The cost for modular homes today varies depending on location. For example, in Massachusetts, a standard modular home could cost anywhere from $58 to $100 per square foot. If the floor plan consists of about 2000 square feet, the cost of the finished home could be anywhere from $116,000 to $200,000. Alternatively, if you were to build a 2,000-square-foot stick-built house in Connecticut, the price could be anywhere from $300,000 to $500,000.
Generally, the cost of a modular home will be lower than that of a stick-built home, although this is not always the case — a more customized modular home could cost up to $180 per square foot. However, the finished home will still have all the benefits that come with modular construction, including minimal delays and exposure thanks to the assembly process taking place in a controlled environment.
Modular home quality over time is another big question that many have in mind. Exactlyhow long do modular homes last? The life span of the home depends on several factors, including the quality of materials, the ability to withstand the elements and maintenance.
Constructing sound modular homes requires investing in premium materials for building.You want to use materials that can last long periods of time yet are still relatively easy to work with. For instance, wood is popular because it is a good insulator against electricity, gains strength from heat when it dries out and is easy to manipulate.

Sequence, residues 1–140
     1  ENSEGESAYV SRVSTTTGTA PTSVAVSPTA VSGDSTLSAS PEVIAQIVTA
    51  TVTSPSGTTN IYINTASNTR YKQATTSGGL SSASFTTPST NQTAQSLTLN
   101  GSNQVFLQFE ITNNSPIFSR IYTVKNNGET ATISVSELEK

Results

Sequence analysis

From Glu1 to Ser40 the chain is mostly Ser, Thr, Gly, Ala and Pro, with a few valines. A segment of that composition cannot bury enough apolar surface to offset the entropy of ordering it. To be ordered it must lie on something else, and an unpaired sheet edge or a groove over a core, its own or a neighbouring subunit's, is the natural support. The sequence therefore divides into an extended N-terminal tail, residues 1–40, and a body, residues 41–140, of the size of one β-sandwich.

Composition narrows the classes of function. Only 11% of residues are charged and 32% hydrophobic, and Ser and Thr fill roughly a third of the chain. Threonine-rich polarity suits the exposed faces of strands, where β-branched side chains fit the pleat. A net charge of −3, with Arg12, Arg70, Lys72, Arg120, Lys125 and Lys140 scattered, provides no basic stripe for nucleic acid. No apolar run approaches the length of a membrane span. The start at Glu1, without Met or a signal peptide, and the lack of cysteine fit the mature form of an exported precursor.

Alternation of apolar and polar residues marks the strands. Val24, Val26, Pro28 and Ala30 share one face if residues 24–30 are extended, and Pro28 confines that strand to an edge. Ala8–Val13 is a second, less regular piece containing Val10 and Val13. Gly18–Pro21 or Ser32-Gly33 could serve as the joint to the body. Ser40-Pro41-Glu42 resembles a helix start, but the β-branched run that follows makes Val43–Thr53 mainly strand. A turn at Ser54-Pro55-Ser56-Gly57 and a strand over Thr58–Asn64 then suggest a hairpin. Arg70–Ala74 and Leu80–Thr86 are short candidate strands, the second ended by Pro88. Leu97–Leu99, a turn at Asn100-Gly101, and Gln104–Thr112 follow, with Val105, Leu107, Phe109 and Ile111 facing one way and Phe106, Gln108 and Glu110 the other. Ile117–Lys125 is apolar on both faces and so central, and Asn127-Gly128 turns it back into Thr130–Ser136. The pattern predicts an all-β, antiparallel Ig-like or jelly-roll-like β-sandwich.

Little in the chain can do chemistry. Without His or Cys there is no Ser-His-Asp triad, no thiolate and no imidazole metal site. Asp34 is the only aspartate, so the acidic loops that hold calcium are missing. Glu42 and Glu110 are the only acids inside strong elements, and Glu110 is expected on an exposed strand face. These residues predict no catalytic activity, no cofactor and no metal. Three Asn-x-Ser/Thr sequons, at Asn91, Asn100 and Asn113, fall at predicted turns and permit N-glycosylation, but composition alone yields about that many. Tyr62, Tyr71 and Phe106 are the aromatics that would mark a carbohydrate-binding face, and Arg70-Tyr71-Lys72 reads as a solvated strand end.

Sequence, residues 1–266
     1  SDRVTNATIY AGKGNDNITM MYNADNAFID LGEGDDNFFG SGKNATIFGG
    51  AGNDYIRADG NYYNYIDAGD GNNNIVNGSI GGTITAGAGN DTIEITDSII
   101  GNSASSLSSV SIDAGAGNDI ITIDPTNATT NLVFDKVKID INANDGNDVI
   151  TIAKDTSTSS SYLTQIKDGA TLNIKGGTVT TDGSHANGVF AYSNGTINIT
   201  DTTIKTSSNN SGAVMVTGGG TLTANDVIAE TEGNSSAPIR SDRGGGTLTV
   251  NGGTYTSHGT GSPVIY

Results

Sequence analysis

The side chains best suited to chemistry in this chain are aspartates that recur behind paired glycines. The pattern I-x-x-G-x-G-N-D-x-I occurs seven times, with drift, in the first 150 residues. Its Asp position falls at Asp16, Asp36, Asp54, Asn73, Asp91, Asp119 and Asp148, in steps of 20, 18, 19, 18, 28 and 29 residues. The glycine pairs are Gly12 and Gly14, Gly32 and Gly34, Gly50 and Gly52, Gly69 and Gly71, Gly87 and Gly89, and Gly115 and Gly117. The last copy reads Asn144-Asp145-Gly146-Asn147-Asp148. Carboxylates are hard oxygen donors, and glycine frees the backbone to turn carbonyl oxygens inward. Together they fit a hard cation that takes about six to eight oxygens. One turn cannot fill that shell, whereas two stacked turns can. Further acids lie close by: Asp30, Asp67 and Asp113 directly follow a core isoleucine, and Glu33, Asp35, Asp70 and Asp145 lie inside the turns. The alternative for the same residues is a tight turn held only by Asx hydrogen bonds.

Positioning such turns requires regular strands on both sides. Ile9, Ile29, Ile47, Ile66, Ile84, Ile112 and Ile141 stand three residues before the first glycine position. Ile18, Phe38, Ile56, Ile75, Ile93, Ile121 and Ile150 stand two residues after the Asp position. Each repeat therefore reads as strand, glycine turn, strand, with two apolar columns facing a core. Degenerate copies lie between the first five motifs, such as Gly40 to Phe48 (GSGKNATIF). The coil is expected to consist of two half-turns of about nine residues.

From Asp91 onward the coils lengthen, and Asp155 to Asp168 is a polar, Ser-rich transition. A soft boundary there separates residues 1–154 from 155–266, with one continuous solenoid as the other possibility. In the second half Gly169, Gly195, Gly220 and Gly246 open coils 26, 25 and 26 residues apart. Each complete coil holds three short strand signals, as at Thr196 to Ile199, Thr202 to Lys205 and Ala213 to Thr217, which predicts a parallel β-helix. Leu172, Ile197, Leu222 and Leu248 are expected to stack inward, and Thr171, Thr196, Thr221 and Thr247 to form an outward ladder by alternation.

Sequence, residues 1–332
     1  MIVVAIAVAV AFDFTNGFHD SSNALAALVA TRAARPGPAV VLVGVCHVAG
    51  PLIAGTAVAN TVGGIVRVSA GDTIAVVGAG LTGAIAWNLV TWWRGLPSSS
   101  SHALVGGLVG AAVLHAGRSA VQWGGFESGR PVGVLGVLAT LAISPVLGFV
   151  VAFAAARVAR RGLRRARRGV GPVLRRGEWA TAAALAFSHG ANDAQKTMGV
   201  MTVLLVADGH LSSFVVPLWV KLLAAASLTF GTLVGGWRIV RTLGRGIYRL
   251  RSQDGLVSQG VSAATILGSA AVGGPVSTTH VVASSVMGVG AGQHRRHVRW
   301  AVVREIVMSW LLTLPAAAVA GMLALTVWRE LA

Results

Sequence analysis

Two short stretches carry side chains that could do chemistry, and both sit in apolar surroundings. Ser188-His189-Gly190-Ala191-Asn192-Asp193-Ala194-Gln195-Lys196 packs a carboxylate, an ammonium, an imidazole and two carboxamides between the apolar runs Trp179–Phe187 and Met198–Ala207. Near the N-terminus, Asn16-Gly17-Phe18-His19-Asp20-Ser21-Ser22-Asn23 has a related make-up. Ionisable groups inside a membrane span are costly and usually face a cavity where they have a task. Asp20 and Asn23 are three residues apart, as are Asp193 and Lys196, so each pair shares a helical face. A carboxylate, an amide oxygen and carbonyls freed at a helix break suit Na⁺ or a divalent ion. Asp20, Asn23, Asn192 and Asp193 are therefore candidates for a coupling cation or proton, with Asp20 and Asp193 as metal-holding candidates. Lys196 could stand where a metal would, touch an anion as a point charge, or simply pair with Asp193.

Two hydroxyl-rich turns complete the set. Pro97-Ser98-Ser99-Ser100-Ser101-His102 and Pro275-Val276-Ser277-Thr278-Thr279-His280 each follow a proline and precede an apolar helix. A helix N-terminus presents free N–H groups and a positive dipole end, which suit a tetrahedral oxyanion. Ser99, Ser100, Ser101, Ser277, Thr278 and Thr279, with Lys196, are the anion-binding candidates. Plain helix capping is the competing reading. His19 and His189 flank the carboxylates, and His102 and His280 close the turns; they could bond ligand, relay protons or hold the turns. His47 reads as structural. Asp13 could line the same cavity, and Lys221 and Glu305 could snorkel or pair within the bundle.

The quality of the materials used in the home will have a direct impact on how long it lasts and how much maintenance it needs.Modular homes can be constructed with the same quality materials as a site-built home, so you can expect them to last for generations. With either type of home, the quality of the materials used is up to your personal choice and budget considerations.
To make sure the material used for your home is of the highest quality and lasts a long time, talk with your builder.
Protection From the Elements
A quality-built modular home can withstand the weather conditions typical of its location. Since the manufacturer builds the home sections indoors, the materials are not exposed to the changing weather. The lack of exposure early on helps establish stronger structural integrity from the start since the material won’t be prone to swelling or shifting, further ensuring the home’s quality in the long run.
Keeping up with maintenance will help protect the quality and prolong the life of your modular home. By taking care of outdoor chores, like making sure there’s no ice buildup on the roof during the winter or clearing the gutters in the spring, you can help make sure your modular home lasts.